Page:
But the opposition unanimously refuse to enter the new parliament, vowing to hit the streets to demand snap elections. While the opposition do not challenge the fact that GD came first, the key matter at hand is the ability of GD to form the government on its own. In the meantime, 26 key local watchdogs said the polls were “least democratic and free among the elections conducted under the Georgian Dream rule.” The parallel vote tabulation conducted by the respected watchdog, ISFED pointed to a possible 4% discrepancy with CEC results.
To reflect on bitterly contested parliamentary elections, we have approached Jillian Stirk, Head of the ODIHR election observation mission.
ODIHR LEOM has been dispatched to Georgia for some six weeks now. You have been observing the processes in lead up to October 31 vote, as well as Election Day. To what extent did Georgia’s conduct of elections adhere the OSCE commitments?
As we said in our preliminary statement, right up front, we felt the process was competitive, and that fundamental freedoms were respected.
At the same time, the pervasive nature of allegations of intimidation and the blurring of lines between the state and party undermined the confidence in the process.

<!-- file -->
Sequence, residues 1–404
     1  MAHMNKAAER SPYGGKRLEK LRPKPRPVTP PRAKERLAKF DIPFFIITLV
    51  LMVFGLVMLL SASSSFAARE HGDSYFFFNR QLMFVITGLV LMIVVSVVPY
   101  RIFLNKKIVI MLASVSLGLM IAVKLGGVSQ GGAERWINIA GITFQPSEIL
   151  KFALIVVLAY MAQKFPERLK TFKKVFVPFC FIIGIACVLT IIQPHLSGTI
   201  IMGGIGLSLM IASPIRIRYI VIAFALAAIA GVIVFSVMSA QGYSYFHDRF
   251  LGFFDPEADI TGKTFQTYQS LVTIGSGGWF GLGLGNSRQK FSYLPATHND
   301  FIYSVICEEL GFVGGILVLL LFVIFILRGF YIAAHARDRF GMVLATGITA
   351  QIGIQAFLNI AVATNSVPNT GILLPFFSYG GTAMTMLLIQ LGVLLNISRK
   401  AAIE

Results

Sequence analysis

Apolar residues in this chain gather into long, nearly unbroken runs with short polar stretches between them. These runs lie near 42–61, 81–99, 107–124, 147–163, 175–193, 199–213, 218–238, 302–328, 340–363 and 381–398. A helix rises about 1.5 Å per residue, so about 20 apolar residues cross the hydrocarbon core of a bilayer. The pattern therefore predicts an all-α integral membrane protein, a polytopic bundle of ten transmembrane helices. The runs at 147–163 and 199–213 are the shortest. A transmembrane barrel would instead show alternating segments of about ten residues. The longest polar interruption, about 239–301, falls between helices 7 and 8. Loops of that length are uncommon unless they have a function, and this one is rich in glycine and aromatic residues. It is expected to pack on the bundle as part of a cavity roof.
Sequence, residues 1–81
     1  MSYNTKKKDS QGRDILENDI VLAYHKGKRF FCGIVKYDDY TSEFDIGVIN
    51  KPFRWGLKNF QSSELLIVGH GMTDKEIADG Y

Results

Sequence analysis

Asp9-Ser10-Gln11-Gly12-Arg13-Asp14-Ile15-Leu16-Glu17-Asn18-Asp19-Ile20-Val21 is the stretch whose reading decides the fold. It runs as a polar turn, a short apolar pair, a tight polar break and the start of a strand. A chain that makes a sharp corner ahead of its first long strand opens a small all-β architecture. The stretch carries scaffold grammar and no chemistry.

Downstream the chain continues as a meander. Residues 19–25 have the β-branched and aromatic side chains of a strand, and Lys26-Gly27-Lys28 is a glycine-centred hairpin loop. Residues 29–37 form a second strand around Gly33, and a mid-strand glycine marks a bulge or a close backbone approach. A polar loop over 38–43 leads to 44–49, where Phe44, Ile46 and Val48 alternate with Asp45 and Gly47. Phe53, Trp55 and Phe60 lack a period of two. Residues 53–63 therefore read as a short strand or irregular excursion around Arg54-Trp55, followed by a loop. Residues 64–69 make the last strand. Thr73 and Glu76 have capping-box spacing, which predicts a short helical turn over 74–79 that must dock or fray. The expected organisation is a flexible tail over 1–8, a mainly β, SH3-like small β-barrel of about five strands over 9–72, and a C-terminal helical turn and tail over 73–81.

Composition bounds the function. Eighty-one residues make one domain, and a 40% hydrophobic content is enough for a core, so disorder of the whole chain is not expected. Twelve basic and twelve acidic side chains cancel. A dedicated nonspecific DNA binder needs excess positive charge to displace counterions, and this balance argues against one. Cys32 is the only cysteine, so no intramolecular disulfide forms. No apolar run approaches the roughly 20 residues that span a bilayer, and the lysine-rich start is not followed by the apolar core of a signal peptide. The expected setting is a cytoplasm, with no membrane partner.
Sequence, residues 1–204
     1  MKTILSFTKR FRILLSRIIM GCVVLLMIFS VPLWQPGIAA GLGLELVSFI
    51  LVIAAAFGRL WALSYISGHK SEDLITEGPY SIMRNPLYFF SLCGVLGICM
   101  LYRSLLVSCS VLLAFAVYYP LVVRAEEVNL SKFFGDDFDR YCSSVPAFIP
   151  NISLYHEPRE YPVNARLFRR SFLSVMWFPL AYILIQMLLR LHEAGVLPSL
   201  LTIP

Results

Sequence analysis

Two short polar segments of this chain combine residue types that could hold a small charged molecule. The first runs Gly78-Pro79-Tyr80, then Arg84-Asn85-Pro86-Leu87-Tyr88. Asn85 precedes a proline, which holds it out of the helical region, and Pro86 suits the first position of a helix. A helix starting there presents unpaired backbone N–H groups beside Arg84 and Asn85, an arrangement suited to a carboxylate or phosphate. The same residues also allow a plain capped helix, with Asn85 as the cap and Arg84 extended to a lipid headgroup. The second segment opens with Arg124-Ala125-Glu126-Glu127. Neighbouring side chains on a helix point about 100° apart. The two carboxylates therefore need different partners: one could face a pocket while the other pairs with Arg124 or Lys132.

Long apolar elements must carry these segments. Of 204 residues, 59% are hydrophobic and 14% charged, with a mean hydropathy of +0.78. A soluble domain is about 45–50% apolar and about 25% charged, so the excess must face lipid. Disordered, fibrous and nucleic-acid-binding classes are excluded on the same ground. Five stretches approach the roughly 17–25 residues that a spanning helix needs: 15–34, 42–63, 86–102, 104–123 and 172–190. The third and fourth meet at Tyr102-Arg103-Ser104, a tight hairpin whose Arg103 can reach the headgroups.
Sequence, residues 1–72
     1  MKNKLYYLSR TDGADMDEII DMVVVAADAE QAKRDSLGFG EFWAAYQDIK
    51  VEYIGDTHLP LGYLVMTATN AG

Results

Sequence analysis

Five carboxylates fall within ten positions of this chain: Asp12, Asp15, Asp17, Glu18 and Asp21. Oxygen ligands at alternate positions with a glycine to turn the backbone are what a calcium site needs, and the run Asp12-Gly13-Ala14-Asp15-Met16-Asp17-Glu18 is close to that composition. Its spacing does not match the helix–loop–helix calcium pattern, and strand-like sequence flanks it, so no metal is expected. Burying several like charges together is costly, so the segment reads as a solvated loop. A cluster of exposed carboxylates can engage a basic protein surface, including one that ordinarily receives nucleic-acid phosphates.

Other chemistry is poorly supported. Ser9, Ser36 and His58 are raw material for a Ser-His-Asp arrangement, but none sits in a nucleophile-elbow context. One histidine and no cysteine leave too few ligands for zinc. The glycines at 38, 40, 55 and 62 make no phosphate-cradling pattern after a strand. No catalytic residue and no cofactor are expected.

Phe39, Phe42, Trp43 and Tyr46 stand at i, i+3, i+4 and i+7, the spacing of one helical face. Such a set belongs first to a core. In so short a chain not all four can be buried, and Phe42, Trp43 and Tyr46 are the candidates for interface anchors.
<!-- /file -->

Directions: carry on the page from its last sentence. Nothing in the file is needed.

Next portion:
The preliminary statement highlighted some of the areas we felt went well, meaning some of the technical aspects of administering the election, but then we also raised concerns about other issues. For example, campaign financing was certainly one area of concern and of course, allegations of intimidation both during the pre-election campaign and on Election Day as well.
What were the key tendencies and highlights on the Election Day? Could you please elaborate more on that?
For me, one of the highlights was the fairly large voter turnout, 56 percent – despite the COVID pandemic. So many people turned out to vote under difficult circumstances, and I think that is a signal of how much Georgians attach importance to the democratic process. I was impressed with the way which the polling stations I visited were really trying to manage the process and respect the COVID protocols and keep people safe. I think they were not always able to do that, just given the numbers. But then, there were significant number of allegations of intimidation – political parties, citizen groups associated with political parties, intimidating voters both, inside and outside the polling stations, and that was troubling.
In the preliminary statement ODIHR mission underscored that it would continue observing the tabulation process. This very process proved to be hotly contested and challenged by much of the opposition. How would you describe tabulation process since the voting part of election day was over?
Well, that is our focus right now in this post-electoral period, following up on any complaints and appeals. One of the messages I have been sending for those unhappy with the process in some way or to those who have concerns, is that there are the mechanisms they need to use to register their concerns. There is a whole set of institutions charged with looking into complaints, and we would encourage people to use them. We would also encourage those institutions to act responsibly, and professionally and to deal with any complaints in a timely manner.